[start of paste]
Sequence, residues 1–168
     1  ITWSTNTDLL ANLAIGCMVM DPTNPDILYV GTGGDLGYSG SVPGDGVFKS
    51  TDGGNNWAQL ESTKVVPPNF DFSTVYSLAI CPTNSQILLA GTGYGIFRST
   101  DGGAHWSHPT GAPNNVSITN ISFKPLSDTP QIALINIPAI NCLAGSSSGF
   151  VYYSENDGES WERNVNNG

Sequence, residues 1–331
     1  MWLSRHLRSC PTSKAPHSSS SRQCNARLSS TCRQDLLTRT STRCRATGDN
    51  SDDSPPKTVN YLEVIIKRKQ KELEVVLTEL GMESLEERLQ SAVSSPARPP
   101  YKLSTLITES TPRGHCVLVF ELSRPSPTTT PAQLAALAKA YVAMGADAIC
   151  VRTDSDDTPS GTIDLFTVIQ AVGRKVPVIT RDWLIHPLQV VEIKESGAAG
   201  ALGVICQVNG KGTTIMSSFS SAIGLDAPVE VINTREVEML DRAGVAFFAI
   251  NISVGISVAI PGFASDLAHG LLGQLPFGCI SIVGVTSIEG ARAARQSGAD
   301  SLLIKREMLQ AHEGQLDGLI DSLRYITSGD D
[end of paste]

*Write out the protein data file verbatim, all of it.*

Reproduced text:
Sequence, residues 1–168
     1  ITWSTNTDLL ANLAIGCMVM DPTNPDILYV GTGGDLGYSG SVPGDGVFKS
    51  TDGGNNWAQL ESTKVVPPNF DFSTVYSLAI CPTNSQILLA GTGYGIFRST
   101  DGGAHWSHPT GAPNNVSITN ISFKPLSDTP QIALINIPAI NCLAGSSSGF
   151  VYYSENDGES WERNVNNG

Sequence, residues 1–331
     1  MWLSRHLRSC PTSKAPHSSS SRQCNARLSS TCRQDLLTRT STRCRATGDN
    51  SDDSPPKTVN YLEVIIKRKQ KELEVVLTEL GMESLEERLQ SAVSSPARPP
   101  YKLSTLITES TPRGHCVLVF ELSRPSPTTT PAQLAALAKA YVAMGADAIC
   151  VRTDSDDTPS GTIDLFTVIQ AVGRKVPVIT RDWLIHPLQV VEIKESGAAG
   201  ALGVICQVNG KGTTIMSSFS SAIGLDAPVE VINTREVEML DRAGVAFFAI
   251  NISVGISVAI PGFASDLAHG LLGQLPFGCI SIVGVTSIEG ARAARQSGAD
   301  SLLIKREMLQ AHEGQLDGLI DSLRYITSGD D